From the Omaha Daily Bee, August 31, 1913. By Arthur Legge.
Helmet and plume and saber, banner and lance and shield,
Scattered in sad confusion over the trampled field;
And the band of broken soldiers, with a weary, hopeless air,
With heads in silence drooping, and eyes of grim despair.
Like foam-flakes left on the drifting sand
In the track of a falling tide,
On the ground where their cause has failed they stand,
The last of the losing side.
Wisdom of age is vanquished, and generous hopes of youth,
Passion of faith and honor, fire of love and truth;
And the plans that seemed the fairest in the fight have not prevailed.
The keenest blades are broken and the strongest arms have failed.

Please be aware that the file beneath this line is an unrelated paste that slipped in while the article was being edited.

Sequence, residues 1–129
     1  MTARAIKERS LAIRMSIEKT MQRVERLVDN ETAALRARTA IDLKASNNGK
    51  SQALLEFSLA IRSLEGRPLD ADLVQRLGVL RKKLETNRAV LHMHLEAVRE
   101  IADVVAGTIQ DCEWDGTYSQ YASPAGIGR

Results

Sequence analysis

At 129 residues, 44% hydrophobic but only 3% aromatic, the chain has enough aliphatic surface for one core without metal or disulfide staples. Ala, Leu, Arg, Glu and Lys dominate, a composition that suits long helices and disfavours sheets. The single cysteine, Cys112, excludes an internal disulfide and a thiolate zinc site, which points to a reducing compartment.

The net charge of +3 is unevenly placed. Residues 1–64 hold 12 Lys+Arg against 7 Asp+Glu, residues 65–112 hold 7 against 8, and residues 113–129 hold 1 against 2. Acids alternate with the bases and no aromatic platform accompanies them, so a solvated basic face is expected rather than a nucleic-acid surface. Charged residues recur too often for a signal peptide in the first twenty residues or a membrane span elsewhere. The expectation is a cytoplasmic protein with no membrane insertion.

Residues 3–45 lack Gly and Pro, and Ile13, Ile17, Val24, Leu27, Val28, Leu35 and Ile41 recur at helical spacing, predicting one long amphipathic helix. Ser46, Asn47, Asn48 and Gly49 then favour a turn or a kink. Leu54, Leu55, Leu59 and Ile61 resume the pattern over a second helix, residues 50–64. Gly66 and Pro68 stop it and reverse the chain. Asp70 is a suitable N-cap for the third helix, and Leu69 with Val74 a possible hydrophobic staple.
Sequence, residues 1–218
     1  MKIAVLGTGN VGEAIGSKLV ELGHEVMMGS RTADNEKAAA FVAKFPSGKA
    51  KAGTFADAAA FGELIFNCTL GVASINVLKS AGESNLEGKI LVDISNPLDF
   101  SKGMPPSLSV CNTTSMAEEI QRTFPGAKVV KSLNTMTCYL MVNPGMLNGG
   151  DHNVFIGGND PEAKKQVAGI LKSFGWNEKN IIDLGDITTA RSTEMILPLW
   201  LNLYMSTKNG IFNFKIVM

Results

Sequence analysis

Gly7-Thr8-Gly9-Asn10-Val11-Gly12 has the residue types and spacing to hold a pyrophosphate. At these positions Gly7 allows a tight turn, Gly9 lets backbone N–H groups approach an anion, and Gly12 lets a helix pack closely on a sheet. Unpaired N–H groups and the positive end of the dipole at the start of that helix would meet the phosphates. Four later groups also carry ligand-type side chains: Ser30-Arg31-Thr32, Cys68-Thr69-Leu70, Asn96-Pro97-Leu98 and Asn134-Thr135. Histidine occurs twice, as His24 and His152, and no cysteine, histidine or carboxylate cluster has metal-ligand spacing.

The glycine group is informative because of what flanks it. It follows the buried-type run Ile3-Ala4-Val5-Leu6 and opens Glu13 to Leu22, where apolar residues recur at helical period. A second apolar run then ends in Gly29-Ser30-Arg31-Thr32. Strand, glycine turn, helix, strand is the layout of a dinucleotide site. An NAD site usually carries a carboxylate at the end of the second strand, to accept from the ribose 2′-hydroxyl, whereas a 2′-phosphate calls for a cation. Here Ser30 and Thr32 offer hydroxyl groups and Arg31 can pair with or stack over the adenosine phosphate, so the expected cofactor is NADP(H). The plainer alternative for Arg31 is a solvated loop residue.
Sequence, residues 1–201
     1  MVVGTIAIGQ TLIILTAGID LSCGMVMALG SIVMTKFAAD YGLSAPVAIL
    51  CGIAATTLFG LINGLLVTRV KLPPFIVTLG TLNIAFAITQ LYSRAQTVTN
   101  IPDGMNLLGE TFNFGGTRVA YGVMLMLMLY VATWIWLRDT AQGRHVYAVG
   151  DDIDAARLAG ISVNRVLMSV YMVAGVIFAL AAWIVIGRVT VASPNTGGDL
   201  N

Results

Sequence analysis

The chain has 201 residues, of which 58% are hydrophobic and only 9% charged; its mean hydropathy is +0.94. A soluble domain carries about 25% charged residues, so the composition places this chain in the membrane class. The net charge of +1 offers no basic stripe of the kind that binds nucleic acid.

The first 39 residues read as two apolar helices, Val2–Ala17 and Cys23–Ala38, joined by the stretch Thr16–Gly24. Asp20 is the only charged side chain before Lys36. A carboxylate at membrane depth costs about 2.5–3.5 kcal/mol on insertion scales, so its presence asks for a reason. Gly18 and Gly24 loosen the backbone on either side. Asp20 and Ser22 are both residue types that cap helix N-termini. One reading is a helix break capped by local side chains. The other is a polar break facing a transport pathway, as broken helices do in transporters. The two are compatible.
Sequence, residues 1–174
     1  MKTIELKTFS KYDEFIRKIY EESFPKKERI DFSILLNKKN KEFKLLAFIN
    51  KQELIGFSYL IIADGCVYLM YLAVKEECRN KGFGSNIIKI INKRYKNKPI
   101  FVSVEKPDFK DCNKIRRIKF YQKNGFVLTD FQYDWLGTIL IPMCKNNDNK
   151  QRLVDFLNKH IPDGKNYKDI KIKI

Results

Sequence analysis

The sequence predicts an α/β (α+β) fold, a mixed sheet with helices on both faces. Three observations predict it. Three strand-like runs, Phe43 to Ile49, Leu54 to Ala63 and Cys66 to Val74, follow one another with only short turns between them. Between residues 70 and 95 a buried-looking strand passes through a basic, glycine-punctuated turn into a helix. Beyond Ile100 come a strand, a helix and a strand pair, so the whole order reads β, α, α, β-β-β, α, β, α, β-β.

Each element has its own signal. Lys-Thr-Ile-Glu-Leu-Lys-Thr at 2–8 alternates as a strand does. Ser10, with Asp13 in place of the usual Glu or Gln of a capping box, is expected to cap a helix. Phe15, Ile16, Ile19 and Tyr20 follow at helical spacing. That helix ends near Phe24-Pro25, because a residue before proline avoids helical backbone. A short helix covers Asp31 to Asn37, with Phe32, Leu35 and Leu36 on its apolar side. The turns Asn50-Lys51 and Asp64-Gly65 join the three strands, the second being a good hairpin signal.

But souls that know not the breath of shame,
And tongues that have never lied,
And the truest hearts and the fairest fame,
Are here—on the losing side.
The conqueror’s crown of glory is set with many a gem,
But I join not in their triumph—there are plenty to shout for them;
The cause is the most applauded whose warriors gain the day,
And the world’s best smiles are given to the victors in the fray.
But dearer to me is the darkened plain,
Where the noblest dreams have died,
Where hopes have been shattered and heroes slain
In the ranks of the losing side.